Dr. Todd Dietrick on Treatment, Knee Surgery

Share this video
ContributorDr. Todd Dietrick, Knee ReplacementRead Full Bio

Biography

Dr. Dietrick’s practice in joint replacement and reconstructive arthritis surgery focuses on minimizing pain and restoring normal function. While joint replacement is a highly successful procedure, Dr. Dietrick has noticed that traditional techniques are often painful and require prolonged recovery periods. Through less invasive techniques, he finds patients have better pain control and a rapid return to function. During hip replacement, Dr. Dietrick utilizes an anterior approach to the hip joint, which does not cut muscles or tendons. This technique, which has been used successfully in Europe for decades, allows for better initial pain control and earlier return of hip function. Dr. Dietrick has applied the same principle of tissue-sparing surgery to his knee replacement practice. With the help of computer-assisted navigation, he is able to recreate the patient’s normal alignment without cutting muscle or tendons, thus improving the overall alignment and range of motion after surgery. In combination with an advanced anesthesia protocol, which minimizes early post-operative pain, patients are able to recover more quickly than with traditional techniques. Dr. Dietrick gained a particular interest in the emerging fields of joint preservation and cartilage transplantation of the hip and knee while at UCSD. He continues to perform research and give lectures on these topics. In his clinical practice, Dr. Dietrick chooses to focus on joint replacement surgery of the hip and knee, including primary and revision hip and knee replacement, partial knee replacement, minimally invasive surgical techniques, and computer assisted navigation. Fellowship University of California at San Diego Residency USC School of Medicine Department of Orthopedic Surgery Internship USC School of Medicine Education USC School of Medicine, Los Angeles, CA, M.D. Dartmouth College, Hanover, NH

  • The Journey
  • The Stories
ContributorDr. Todd Dietrick, Knee ReplacementRead Full Bio

Biography

Dr. Dietrick’s practice in joint replacement and reconstructive arthritis surgery focuses on minimizing pain and restoring normal function. While joint replacement is a highly successful procedure, Dr. Dietrick has noticed that traditional techniques are often painful and require prolonged recovery periods. Through less invasive techniques, he finds patients have better pain control and a rapid return to function. During hip replacement, Dr. Dietrick utilizes an anterior approach to the hip joint, which does not cut muscles or tendons. This technique, which has been used successfully in Europe for decades, allows for better initial pain control and earlier return of hip function. Dr. Dietrick has applied the same principle of tissue-sparing surgery to his knee replacement practice. With the help of computer-assisted navigation, he is able to recreate the patient’s normal alignment without cutting muscle or tendons, thus improving the overall alignment and range of motion after surgery. In combination with an advanced anesthesia protocol, which minimizes early post-operative pain, patients are able to recover more quickly than with traditional techniques. Dr. Dietrick gained a particular interest in the emerging fields of joint preservation and cartilage transplantation of the hip and knee while at UCSD. He continues to perform research and give lectures on these topics. In his clinical practice, Dr. Dietrick chooses to focus on joint replacement surgery of the hip and knee, including primary and revision hip and knee replacement, partial knee replacement, minimally invasive surgical techniques, and computer assisted navigation. Fellowship University of California at San Diego Residency USC School of Medicine Department of Orthopedic Surgery Internship USC School of Medicine Education USC School of Medicine, Los Angeles, CA, M.D. Dartmouth College, Hanover, NH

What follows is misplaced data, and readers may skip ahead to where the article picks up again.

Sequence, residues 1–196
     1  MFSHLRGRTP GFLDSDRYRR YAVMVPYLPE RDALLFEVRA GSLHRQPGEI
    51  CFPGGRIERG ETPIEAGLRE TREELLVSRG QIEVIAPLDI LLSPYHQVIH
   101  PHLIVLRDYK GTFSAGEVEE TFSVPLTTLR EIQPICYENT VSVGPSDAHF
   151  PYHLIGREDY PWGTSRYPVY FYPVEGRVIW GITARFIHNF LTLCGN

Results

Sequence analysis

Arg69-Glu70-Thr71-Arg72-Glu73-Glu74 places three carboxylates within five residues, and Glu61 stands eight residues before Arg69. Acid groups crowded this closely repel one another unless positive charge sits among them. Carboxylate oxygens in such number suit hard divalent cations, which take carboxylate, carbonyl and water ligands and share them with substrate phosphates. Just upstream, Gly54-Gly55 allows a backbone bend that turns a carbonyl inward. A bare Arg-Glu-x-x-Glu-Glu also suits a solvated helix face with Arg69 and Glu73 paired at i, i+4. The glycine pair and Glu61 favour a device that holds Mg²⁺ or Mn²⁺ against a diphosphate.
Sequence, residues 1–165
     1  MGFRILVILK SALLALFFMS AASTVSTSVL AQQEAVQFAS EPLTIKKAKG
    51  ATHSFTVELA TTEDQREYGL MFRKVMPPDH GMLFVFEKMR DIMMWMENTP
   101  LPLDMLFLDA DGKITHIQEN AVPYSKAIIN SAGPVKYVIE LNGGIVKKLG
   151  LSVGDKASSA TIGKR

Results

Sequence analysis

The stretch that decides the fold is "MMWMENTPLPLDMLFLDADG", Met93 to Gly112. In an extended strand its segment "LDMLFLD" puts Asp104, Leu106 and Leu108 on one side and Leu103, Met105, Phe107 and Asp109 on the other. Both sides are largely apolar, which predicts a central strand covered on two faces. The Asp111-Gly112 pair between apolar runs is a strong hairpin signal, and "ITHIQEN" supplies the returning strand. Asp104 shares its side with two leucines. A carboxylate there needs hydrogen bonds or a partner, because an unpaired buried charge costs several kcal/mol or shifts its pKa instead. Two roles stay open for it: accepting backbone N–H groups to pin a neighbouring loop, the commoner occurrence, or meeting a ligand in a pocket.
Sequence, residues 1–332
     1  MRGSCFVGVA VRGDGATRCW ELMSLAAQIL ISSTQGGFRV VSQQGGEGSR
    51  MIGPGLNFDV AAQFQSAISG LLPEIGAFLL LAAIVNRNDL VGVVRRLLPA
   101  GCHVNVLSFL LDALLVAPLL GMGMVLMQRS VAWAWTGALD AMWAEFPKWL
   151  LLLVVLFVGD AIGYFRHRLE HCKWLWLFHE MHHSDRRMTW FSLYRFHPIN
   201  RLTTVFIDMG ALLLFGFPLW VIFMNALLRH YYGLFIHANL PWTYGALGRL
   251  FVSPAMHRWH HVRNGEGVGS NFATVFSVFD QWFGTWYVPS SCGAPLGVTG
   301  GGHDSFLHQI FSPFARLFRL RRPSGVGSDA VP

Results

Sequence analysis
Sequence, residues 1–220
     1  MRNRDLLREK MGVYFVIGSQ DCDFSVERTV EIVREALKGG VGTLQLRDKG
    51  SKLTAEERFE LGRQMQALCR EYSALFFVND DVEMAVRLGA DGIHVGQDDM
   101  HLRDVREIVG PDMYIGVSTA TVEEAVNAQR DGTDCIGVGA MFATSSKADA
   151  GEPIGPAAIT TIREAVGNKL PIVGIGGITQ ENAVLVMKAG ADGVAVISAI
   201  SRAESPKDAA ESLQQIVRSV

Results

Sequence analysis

• Video Description

Dr. Dietrick describes and shows different implants and how they fit into the body during knee and hip replacement surgery. Bone growth responds to the titanium in implants and will grow into the porous surface, making for a tight fit. Dr. Dietrick describes the difference between posterior and anterior approaches which are different points of entry for a surgeon to implant a joint replacement. Even on the day of surgery, Dr. Dietrick likes to see his patients up and walking around. He feels it gives patients the confidence to start moving their joint since the replacement is designed to be weight bearing.

More Related Videos


Discussion

HIPAA disclaimer:

Remember that your posts are public. Please do not include information in the text of your comment that personally identifies you, such as your your location, financial information, or other private information.

Other disclaimers:

PatientTalk reserves the right to delete comments that are vulgar, offensive or abusive, or which incite violence or contain fraudulent info, spam, porn, personal attacks or graphic images. Individual comments and responses do not necessarily reflect the views of PatientTalk.